Cab Drivers Refuse Rides to Blind Dog-Guide Users
Dog guide users have been denied cab rides with increased frequency over the past several months at our Twin Cities International Airport. I’ve experienced it myself. A year and a half ago, my wife and I—and my dog guide—were returning from Biloxi, Mississippi. The cabs were lined up at the airport, yet it took us three tries to finally find a driver who’d take us home. In another incident, to and from the home of my wife’s father, our ride was rejected by each driver, and we had to encourage both drivers to get back into the cab and take us to where we wanted to go. In each of these incidents, I merely wanted to get to my destination, without having to educate a cab driver about how illegal it is to deny me that ride because I use a service animal.
What am I missing? Illegality aside, I cannot figure out why somebody would prefer to make a bad business choice—to not make money—only because of fear and prejudice against those of us who use a dog guide.
In both situations, I explained that these dogs are well trained and they will not touch the driver. But this line of negotiation was not received as successfully as when I threatened them with legal action or that I’d complain to the management of their cab company, either of which may result in that driver paying a fine or temporarily losing their license. I do not want a driver to be denied the ability to work; I just want a ride—which is my legal right. Interestingly, the cab drivers seemed to have no trouble serving us after I made them aware of the penalties involved in not doing so.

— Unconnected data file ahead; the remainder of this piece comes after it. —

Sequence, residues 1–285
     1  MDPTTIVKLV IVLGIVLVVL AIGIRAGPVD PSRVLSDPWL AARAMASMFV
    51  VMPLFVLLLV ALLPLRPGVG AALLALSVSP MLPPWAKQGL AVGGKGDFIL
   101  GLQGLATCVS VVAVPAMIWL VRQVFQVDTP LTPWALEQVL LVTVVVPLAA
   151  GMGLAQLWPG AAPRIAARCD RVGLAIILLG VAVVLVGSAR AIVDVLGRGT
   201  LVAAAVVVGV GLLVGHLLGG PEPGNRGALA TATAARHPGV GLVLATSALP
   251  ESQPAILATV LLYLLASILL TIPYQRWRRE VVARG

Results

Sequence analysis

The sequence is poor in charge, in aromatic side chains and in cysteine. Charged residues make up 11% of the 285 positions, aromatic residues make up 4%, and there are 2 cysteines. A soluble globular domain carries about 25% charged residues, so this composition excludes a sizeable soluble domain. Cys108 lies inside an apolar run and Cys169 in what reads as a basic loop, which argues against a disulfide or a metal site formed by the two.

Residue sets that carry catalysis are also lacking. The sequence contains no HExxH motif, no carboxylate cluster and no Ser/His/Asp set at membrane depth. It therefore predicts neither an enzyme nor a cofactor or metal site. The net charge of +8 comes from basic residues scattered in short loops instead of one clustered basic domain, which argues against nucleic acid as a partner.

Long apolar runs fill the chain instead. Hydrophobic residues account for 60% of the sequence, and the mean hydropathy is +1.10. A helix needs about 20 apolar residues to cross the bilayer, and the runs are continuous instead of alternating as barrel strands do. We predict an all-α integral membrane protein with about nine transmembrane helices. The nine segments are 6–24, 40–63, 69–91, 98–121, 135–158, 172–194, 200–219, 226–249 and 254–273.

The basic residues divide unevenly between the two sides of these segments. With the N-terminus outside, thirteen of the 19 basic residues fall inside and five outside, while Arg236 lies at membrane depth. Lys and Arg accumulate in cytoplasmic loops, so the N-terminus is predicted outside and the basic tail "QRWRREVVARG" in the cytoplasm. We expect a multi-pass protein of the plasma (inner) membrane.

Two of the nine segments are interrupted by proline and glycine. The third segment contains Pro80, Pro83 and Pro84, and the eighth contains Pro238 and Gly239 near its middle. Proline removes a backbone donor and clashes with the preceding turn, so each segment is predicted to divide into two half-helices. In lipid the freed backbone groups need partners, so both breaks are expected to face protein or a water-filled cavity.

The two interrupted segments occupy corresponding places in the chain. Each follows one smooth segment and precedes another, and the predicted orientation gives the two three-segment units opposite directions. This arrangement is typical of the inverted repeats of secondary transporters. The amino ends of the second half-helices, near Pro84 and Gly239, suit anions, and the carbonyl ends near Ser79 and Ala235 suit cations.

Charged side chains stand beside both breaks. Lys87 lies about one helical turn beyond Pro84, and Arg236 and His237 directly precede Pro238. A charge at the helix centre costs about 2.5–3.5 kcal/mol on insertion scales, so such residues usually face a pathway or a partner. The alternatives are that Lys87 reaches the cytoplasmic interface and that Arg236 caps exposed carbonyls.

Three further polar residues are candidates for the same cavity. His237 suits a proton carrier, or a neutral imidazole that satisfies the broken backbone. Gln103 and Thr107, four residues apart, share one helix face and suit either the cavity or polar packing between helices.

Service animals undergo a significant amount of training. Dog guides are trained to sit quietly on the floor, at our feet, as we take our seats in taxi cabs or on buses. The dogs are well groomed to reduce the chance for their fur to cling to the upholstery of the car. The dogs have a single-minded focus; to guide us from place to place. Dog guides do not pose any problem for taxi cab drivers.
Most cab drivers don’t deny rides to those of us who use these well-trained animals, so you may well wonder what’s the problem. Perhaps it’s the unpredictability that is the most difficult for me. Unlike most people, I cannot assume I’ll have a ride when I flag down a taxi cab. It is rather baffling to me why some taxi cab drivers choose, in the face of severe penalties, to make life difficult for those of us who use a service animal. In my experience, however, these are the people who don’t understand the laws and penalties. And once they do, well, we’re on our way.
Notify Rebecca Kragnes, at MN Guide Dog Users, if you have been denied a ride by a taxi [email protected].